Sandra Bullock and Keanu Reeves
 in Warner Bros. Pictures' The Lake House
Determined to bridge the distance between them at last and unravel the mystery behind their extraordinary connection, they tempt fate by arranging to meet. After a failed attempt at a date at a phony, fancy restaurant at Millennium Park called Il Mare, (wonder where they got that title from?) in 2006, Kate retreats, believing she will never have happiness. <sniffle> She urges Alex to move on. Do they eventually meet up? Yeah? Does that bus incident at Daley Plaza come back into the story. Uh huh. Is this a predictable sap-fest of a movie? You betcha.

Reeves and Bullock are a lovey-dovey duo with the kind of low-key chemistry that doesn't depend on anything but witty, unnatural banter. Instead, they just happen to go together. They were better together via magic mail box. I'm not really a fan of either actor but since the movie was filmed in Chicago (I saw them filming it. See pic below) and it had two decent supporting actors in Aghdashloo & Plummer, I thought I'd give the disc a spin. I never saw the original and this movie made me lose any interest in doing so and that's too bad cuz it just has to be better than this.

I'll give credit to European director Alejandro Agresti and Director of Photography, Alar Kivilo for at least making the film look good. But, then again that's cuz they chose a great city to film in. Yes, one of the better stars of this movie is Chicago. There's a certain calm and vibrance in the city that attempts to revive the film. Sadly, that isn't enough. This movie is unfortunately a decent Lifetime movie at it's best. If you and you're significant other are home sick and this happens to be on TV, check it out as you both check out. What the heck was Ebert sniffin'?

I was hoping that someone involved in this film woulda started out these special features with a formal apology but no luck for me. Sigh. Instead, there's 5 deleted scenes. You bet I watched all of them in an effort to redeem the last sucky two hours. Not a chance. These deleted scenes were on the cutting room floor for a reason. Watched separately or all-together, they don't mean much to the final cut of the film, though one outtake is cute. There's a decent theatrical trailer which is better than the movie. In the future, if there's a special edition with Reeves and Bullock doing a commentary, I'd watch it again just to hear them explain their way outta this mess.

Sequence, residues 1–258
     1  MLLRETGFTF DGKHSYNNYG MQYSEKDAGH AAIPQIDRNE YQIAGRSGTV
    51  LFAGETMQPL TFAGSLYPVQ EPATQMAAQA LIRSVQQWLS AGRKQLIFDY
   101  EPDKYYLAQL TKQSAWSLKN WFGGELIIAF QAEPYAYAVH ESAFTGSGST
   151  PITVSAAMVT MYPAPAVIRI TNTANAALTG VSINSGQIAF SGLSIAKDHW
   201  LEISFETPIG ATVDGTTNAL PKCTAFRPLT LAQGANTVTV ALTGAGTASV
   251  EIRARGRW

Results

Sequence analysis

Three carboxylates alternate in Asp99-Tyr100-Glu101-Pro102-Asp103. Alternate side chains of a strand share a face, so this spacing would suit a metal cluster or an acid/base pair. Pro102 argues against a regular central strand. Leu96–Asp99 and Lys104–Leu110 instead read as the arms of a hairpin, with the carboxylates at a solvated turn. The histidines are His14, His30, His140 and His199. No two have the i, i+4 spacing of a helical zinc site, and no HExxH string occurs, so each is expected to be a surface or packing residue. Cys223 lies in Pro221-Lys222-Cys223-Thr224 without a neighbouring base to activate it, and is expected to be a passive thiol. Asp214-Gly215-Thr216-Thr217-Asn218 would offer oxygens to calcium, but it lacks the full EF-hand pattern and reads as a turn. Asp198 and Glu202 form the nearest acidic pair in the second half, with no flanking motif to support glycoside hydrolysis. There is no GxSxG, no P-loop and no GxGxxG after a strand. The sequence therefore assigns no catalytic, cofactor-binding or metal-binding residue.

The Skinny:
  • You cannot drive a pick-up truck or anything larger on Lake Shore Drive! But, don't tell that to Keanu Reeves or any filmmakers for that matter. For some reason, filmmakers always seem to make this same mistake. I've seen it in "National Lampoon's Vacation" and in "My Best Friend's Wedding."
  • John Cusack was the first choice for the role of Alex Wyler, but he declined. Drat!
  • Sandra Bullock revealed in an Entertainment Weekly interview that the title house had running water but no toilets.
  • The name of the exclusive restaurant in the film is "Il Mare". "Il Mare" is also the name of the house and the International title of the Korean film upon which "The Lake House" is based, 2000's "Siworae" (2000).
  • The construction site that Reeves' character is working on is real. It is owned by Pulte Homes and is the Madison Park Community in Aurora, Illinois.
  • First movie to be released simultaneously on DVD, HDDVD, and Blu Ray. How unworthy.
  • This isn't the first film shot in Chicago by Reeves and Bullock. Reeves made "Chain Reaction" , "Hardball" and "The Watcher" here and Bullock made "While You Were Sleeping" here.
  • Bullock states that she felt compelled to name the dog "Jack" which was Keanu Reeves' character in "Speed" - the first movie the two of them made together.
  • The building that Bullock's character lives in is 1620 Racine. That is the same address of the house of Sean Connery in 1987's "The Untouchables" in Chicago. Wherein, his character, Malone died screaming like a stuck Irish pig.

No comments:

Moving Pictures


About Me

My photo
Believer. Brother. Son. Nephew. Cousin. Friend. Husband. Father. Colleague. Student. Teacher. Illustrator. Actor. Director. Singer. Improviser. Listener. Observer. Passenger. Driver. Tourist. Traveller. Imaginative. Resilient.